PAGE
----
Friday, 1 June 2012

The curious case of the Canadian penny

The inflation squid finally took its toll on the Canadian one penny coin. Due to increasing metal prices the cost of minting and distributing the coin reached 1.6 cents and the Central Bank of Canada decided in May to discontinue its production. Its purchasing power dropped by a staggering 96% since the coin was first introduced in 1908. The Central Bank of Canada reckons that the move will save $11 million a year, while Bloomberg estimates that banks will save $20 million per year from not having to deal with small change. Not worth a penny ?

Metal Prices and Inflation

The Canadian penny is primarily made out of steel (approximately 94%) and nickel (1.5%) with copper as plating. From 1982 to 1996 the base metal from which it was minted was copper and from 1997 to 1999, it was zinc, two metals considerably more expensive than the ubiquitous steel. This practice of changing the composition of a  metal coin is not as new as one might think. 

It dates from ancient times when coins were minted out of precious metals such as gold or silver and if the ruling establishment wanted to devalue the currency, they would literally diminish the quantity of gold or silver per coin. For example, the Roman silver Denarius when it was first minted close to 269BC, it contained a quantity of 6.8 grammes of silver. In 211BC, the standardised Denarius contained only 4.5 grammes on average, while under the rule of the mad emperor of Rome, Nero it had reached 3.4 grammes. It was ultimately replaced in the mid 3rd century by the Antonianus, a coin which was initially minted out of silver, but was slowly debased into bronze. 

The previous copper composition of the Canadian penny made it economically unfeasible to create it since it  ended up costing more than it was legally worth. A big emphasis on "legally" since melting coins for their metal content is strictly forbidden in most states. But this does not prevent entrepreneurial minds to hoard the coins and wait until they are taken out of circulation and subsequently extract the metal content. Since the metal content is higher than its face value it makes sense to hoard it. Nobody sane would sell the 1oz American Gold Eagle, which contains 33.930 grams of gold at its 50$ face value. Copper chart from Trading Economics:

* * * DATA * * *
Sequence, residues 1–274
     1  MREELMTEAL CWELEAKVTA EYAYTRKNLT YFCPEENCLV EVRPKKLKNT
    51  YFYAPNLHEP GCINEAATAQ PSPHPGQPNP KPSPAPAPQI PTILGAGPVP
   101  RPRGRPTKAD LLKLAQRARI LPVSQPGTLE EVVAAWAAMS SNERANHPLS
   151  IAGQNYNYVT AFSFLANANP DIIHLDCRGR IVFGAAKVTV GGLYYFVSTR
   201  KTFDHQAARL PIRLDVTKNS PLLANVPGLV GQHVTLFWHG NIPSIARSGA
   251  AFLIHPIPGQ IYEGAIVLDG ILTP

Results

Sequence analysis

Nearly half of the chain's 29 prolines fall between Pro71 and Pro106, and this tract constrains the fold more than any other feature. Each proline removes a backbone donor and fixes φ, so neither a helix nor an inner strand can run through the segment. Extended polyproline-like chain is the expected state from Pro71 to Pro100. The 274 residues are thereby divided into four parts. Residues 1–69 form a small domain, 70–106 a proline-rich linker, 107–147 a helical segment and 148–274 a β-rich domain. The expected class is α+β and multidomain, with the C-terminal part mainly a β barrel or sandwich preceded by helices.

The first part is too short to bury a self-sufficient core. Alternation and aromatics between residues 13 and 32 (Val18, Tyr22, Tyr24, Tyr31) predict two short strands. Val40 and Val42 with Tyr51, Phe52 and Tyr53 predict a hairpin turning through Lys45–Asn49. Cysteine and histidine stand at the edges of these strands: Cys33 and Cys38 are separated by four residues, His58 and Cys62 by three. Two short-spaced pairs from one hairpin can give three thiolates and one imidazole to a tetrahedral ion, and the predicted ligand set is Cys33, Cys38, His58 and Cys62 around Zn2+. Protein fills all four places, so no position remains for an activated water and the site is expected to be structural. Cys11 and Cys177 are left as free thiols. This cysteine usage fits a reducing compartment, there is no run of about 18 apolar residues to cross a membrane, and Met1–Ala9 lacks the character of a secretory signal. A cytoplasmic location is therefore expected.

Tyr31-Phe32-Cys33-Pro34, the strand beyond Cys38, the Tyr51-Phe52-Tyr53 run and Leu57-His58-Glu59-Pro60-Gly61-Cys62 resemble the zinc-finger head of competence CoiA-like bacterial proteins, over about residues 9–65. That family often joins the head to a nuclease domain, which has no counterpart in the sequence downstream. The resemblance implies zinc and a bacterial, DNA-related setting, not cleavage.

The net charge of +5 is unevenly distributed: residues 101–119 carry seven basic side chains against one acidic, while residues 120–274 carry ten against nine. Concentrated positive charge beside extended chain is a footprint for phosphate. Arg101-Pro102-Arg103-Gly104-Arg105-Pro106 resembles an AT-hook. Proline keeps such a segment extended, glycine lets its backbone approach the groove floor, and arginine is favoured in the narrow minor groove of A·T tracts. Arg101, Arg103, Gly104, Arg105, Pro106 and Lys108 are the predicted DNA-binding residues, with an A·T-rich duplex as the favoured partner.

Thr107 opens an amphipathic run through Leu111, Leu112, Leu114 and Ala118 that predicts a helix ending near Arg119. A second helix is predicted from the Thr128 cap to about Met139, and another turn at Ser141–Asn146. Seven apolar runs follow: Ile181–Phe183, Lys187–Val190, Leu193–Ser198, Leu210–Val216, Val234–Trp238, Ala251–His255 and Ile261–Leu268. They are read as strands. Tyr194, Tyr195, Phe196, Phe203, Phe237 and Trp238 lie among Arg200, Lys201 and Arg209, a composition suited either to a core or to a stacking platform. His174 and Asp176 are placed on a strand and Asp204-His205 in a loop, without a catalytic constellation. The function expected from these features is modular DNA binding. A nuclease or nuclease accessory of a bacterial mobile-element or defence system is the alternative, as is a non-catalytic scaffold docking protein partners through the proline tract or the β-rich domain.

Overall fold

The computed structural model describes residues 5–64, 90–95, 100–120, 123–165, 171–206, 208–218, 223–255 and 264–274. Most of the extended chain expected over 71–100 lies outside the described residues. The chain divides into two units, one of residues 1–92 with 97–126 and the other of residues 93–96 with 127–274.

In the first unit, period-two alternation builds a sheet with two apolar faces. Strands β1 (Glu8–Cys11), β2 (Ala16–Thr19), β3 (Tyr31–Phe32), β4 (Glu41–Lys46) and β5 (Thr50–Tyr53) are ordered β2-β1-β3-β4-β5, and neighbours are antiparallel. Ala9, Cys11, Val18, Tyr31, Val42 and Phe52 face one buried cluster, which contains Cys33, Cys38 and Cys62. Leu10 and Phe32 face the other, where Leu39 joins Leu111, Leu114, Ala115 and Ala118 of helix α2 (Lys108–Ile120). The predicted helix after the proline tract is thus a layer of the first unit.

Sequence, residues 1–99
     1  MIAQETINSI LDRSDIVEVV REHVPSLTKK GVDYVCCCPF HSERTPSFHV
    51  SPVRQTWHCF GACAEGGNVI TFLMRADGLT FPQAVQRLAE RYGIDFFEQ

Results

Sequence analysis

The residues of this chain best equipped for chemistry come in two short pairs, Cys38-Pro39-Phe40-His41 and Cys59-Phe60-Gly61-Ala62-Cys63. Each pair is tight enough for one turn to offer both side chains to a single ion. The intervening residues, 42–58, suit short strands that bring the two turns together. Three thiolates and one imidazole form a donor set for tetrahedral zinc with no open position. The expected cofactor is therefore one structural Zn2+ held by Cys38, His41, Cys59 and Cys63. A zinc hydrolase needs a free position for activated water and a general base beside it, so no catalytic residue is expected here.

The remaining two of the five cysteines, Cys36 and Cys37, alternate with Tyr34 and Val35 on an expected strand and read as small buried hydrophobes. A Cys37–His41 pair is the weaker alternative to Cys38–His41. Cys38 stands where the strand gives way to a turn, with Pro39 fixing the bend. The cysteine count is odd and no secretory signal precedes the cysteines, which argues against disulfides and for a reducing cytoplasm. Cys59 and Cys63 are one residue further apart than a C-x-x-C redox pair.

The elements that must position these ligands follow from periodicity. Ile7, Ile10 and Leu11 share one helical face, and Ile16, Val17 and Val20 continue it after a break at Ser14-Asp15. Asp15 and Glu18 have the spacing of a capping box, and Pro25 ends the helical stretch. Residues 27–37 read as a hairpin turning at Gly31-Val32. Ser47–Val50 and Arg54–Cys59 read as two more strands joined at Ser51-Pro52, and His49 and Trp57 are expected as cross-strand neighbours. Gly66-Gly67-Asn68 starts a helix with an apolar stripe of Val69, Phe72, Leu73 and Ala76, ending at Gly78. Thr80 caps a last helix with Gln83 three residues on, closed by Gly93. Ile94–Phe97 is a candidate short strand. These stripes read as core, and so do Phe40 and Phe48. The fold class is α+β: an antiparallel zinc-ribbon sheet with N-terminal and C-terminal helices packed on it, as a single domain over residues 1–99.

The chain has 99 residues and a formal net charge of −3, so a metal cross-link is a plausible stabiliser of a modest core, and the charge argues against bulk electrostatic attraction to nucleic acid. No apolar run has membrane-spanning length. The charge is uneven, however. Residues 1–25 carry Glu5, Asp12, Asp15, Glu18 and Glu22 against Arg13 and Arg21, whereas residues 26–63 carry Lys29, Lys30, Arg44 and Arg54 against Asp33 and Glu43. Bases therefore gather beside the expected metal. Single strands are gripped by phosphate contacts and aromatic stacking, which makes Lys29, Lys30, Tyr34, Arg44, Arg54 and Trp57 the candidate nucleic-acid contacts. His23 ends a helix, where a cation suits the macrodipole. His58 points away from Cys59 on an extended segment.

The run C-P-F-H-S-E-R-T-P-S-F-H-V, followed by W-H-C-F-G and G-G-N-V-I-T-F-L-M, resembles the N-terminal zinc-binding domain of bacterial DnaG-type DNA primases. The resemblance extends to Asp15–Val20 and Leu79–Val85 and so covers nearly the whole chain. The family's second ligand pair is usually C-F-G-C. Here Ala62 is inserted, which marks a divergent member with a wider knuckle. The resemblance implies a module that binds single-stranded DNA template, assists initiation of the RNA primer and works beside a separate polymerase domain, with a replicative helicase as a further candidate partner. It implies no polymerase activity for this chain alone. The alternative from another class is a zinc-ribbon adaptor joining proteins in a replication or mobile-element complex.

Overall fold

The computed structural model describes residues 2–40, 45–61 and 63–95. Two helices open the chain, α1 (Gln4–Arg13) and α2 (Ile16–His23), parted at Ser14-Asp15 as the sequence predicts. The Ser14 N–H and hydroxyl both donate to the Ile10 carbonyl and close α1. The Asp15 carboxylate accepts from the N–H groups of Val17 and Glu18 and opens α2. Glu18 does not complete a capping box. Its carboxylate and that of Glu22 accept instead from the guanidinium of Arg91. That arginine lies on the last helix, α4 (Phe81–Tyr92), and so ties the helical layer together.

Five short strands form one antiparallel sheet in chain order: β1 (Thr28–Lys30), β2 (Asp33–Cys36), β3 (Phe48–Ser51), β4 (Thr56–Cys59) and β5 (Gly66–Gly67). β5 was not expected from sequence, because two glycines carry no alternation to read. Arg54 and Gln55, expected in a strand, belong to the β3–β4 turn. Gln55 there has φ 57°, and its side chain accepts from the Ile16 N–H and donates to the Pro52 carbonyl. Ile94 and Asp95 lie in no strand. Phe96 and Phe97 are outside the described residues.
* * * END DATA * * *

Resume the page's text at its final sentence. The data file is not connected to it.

The situation is more extreme in the United States where it costs the US mint 2.41 cents to market a single penny and a whopping 11.2 cents for a nickel. Nevertheless, the losses on putting these coins or market are more than offset by the profits from selling coins with a face value considerably higher than its cost of production, profits known as seigniorage.

The important lesson here is that inflation has not only propped up asset prices to record high levels, thereby creating artificial bubbles and increasing the cost of money, but has also managed to literally increase the cost of money, by making it more expensive to mint and market low value coins.

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